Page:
Hand Tool Headlines
The Woodworking Blogs Aggregator
This "aggregator" collects all of the woodworking blogs I read every day - or try to anyway! Enjoy!
Thank you to everyone who contributed towards Walt Quadrato's battle against cancer! Their fundraising goal was met. Our prayers are with you, Walt!
I am continually drawn to older, simpler, lutherie technology . There are several reasons for this but mostly I am attracted to the older methods because they work well and I enjoy the experience of using them. With hand tools the craftsperson’s body and skill replace many jigs and machines. Working this way makes me […]
Gerald J. Bakus, A Comprehensive Reference to the Classical and Flamenco Guitar, 1977
This little tool has sat on the shelf for awhile, it wasn't forgotten, I don't have much use for it.
I purchased it from McGuckin's Hardware in Boulder, Colorado in 1994, I think Stanley stopped making No. 271 right after that. I once had the box that it came in, now lost in some move.
I've used it a few times, but never really did any kind of work where it was needed.
I did use it to finish the shelf on the neck on the latest Torres/Santos guitar...
...and today I retrieved it to start working down the heel for the heel cap.
I guess I will start using it more often!
I plan on changing the angle on the iron, it's a little too blunt, maybe something more along a 20 degree angle, anything to help it pare better.
I know that one can still find original Stanley No. 271 planes and are new ones are available from Lee Valley, Lie-Nielsen, et cetera.
You can definitely make your own, I seem to remember that Nick Engler published plans for one in some home woodworking book...
Andres Segovia, 1954
Work on this guitar has consumed so much of my time these past two weeks I haven't been able to blog about the work, much to the chagrin of the young man who ordered this guitar.
The back is on, no hitches or other problems with that task, it rings like a bell when I tap it.
Out came the router, respirator, ear plugs, plus several prayers to Saint Joseph the Worker, for a series of test cuts and then the actual routing of the binding ledges. This step is not for the faint of heart, so many things can go wrong! I still recall when the router bit sent a big sliver of wood flying from the top of a guitar, fortunately I found the sliver and glued it back in place.
Even cutting these binding ledges by hand has its risks...
The back bindings glued in place. I use a stretchy binding tape, available from Lee Valley, to hold the bindings in place. As George Ellis wrote in his book, Modern Practical Joinery, when glueing make haste slowly!
A close up of the end graft and the bindings. Again, I'd like to point out that all the joinery in a classic guitar consists of butt joints, unless you use the famous "V" joint the attach the peg head to the neck...
Tomorrow, I tackle the bindings that go on the top!
With the hinges installed, all there was left to do was apply the finish, right? Wrong! Now it was time to clean up the box. There were bits of glue and pencil marks that needed cleaning up. I especially hate getting rid of pencil marks. Even though I use a soft lead (2B) pencil, it still takes me ages to get rid of the marks. I find using a scraper or sandpaper are the best ways to get rid of pencil marks. Sometimes even an eraser works. What works best? I find it depends on the mark and the wood, but haven’t found any rules of thumb as yet. A necessary evil I guess.
Finally, the finish. I’m a big fan of Auro wax, which is a combination of boiled linseed oil (BLO) and wax. Its non-toxic and is easy to apply (with a brush or a rag). It can be buffed out after an hour or so, but needs about 24 hours to dry properly. I usually apply three coats. The end result is a finish that protects the wood and is not too glossy (which I like). And while it brings out the grain, it is almost transparent. I find that BLO (even the clear BLO) turns wood a slight yellow/orange colour. This Auro stuff doesn’t do that.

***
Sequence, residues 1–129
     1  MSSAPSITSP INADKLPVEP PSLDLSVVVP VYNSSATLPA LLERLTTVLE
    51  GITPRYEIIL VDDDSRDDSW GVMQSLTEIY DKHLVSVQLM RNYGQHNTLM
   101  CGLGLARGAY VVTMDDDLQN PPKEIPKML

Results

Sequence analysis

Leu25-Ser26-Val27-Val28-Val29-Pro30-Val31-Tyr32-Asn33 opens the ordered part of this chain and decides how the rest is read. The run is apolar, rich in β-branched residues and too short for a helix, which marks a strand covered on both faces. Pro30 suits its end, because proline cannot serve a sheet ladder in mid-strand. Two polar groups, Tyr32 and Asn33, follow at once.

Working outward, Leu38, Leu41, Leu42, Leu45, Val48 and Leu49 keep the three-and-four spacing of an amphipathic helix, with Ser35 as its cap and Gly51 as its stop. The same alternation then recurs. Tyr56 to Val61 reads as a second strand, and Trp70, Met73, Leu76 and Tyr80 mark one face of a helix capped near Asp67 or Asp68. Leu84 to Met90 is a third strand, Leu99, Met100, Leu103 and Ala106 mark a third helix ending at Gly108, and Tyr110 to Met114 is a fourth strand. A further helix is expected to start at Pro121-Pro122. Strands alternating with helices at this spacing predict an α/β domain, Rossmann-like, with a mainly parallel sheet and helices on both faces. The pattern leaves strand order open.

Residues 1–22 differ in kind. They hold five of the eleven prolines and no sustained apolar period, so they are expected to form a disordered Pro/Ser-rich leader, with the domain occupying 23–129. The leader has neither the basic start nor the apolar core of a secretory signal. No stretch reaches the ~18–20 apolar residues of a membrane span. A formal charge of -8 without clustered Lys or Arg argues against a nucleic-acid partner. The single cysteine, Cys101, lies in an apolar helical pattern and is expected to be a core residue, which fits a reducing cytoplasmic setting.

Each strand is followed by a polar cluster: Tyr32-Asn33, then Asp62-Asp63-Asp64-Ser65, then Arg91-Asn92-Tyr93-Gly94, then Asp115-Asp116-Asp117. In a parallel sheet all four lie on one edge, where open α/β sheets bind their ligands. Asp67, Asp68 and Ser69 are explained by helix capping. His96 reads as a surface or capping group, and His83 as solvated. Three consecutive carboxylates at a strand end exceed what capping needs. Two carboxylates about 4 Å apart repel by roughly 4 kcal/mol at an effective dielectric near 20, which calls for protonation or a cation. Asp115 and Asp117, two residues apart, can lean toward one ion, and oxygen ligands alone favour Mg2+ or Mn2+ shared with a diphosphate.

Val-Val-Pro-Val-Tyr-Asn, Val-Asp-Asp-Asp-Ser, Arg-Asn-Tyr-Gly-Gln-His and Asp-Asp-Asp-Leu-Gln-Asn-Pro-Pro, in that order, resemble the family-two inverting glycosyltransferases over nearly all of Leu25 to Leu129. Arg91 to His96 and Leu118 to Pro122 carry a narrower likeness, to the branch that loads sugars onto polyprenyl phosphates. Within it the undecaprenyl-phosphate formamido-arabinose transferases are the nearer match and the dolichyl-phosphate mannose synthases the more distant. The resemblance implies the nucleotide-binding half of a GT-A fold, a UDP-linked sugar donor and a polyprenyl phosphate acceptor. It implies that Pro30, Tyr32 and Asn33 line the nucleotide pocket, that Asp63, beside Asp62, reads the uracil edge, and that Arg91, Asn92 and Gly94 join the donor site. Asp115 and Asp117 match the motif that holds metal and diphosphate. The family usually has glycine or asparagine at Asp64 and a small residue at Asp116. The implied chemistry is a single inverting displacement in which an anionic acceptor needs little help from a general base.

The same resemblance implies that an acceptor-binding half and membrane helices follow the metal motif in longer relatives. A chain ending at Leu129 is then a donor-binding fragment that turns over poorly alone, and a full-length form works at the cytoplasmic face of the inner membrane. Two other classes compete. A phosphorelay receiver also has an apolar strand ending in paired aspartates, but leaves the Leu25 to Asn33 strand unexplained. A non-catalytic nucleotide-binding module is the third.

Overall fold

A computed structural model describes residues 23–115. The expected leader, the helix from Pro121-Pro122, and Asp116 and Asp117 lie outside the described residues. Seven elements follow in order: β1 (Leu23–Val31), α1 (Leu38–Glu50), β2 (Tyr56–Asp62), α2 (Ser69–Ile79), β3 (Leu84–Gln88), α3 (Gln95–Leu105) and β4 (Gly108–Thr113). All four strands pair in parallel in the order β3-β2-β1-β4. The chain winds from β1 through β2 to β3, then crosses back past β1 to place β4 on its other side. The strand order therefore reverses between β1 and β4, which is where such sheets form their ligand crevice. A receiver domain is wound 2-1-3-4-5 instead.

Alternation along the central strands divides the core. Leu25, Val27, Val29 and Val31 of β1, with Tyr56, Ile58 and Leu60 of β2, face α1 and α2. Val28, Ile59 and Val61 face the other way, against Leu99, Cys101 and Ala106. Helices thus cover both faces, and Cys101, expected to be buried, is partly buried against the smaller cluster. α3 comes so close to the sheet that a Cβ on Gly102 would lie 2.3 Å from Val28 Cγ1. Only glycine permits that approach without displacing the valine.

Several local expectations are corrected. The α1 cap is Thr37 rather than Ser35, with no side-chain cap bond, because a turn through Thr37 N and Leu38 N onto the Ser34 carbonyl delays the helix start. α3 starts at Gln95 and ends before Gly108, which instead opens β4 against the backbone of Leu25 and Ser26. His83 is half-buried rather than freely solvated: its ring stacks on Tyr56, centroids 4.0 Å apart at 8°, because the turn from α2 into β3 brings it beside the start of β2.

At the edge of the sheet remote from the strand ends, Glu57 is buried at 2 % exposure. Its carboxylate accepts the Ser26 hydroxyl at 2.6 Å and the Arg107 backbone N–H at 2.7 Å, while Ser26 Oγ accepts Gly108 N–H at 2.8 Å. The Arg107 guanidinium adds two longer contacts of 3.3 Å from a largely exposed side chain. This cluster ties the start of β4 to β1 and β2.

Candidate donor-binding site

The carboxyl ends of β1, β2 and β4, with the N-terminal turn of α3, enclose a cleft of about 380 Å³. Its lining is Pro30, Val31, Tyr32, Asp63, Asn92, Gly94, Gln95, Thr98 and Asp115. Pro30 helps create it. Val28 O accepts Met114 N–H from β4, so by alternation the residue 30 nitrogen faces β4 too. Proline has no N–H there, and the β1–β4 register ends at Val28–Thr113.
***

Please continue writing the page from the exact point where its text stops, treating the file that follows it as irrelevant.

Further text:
Anyway, here are some pictures of the finished product:
A whole blog post about hinges? Boring! Perhaps so, but I learned a lot about hinges making this box. I had never really given hinges much thought before. I knew they should be strong enough, do the right job and look decent, but didn’t think much beyond that. I did want to get the the correct hinges before starting the box. I didn’t want to realise too late into the project that I would need to change the design to accommodate whatever hinges I could get. Little did I know that the internet is flooded with hinges of all kinds and that it would take ages to choose the right ones.
After a long search, I settled for quadrant hinges with a ‘lid stay’. I thought these would be better able to support the lid than regular hinges. I chose the ‘lid stay’ variety since I didn’t want to use a chain to stop the lid from dropping back to far. One thing I discovered is how few websites provide all the dimensions of their hinges. The wood I was using was quite thin (around 12mm) so I had to be sure the hinge would fit. I needed to go the shop and see them for myself before buying. The shop I eventually got them from had a ‘cheap’ and ‘expensive’ variety. I settled for the more expensive ones. They were a lot better: they opened and closed much more smoothly and had a nicer finish.
I was nervous about getting this right. The hinges not only needed to fit perfectly, but I also needed to chop mortise holes in the sides and lid to give the lid stays somewhere to go when the box was closed. In the end it wasn’t much more complicated than installing regular hinges, just a bit more fiddly and time consuming.
Chiselling out the hinge recesses to an exact fit was painstaking work, not the least because of the thin wall between the hinge recess and the edge of the wood. The wood did break off once or twice, but that was easily fixed with some glue. After fitting the hinges into the recesses I chopped the mortise holes in the box and lid with a 2mm(!) chisel.
After a bit of fiddling I got the lid to fit (more or less) seamlessly onto the box. It was a lot of work, but I think it was well worth the extra effort.
Here is a still-life of what was in front of me earlier while fitting a peghead to the end of a dulcimer: I make most of the parts and do most of the assembly of my dulcimers on a solera. On the left of the solera is a dulcimer waiting for a peghead. On the […]
Dake Traphagen, Master Luthier
Last posting of 2014!
Thanks to all of you who have visited my blog and those who have left comments!
Thank You to Paul and Joseph Sellers (I hope I got that right!) for keeping Unplugged Shop going and posting my blog posts on it.
Thank You to Luke Townsley for starting Unplugged Shop.
Thank You Leif at Norse Woodsmith for his aggregator.
Here's a photo essay with captions of my process of creating a copy of Antonio Torres' FE 19 1864 "La Suprema" guitar. This guitar is for a young, up and coming classic guitarist in the Denver, Colorado area.
The body shape is a copy of FE 19 as drawn by Neil Ostberg, click here for his site, but the top bracing is based upon a guitar made by the great Santos Hernandez in the 1920's.
Braces are glued on with hot hide glue, the clamps are not clamping the braces, but holding the top to the shape of the scooped out work board. The hide glue dries in under four minutes, no need for clamps!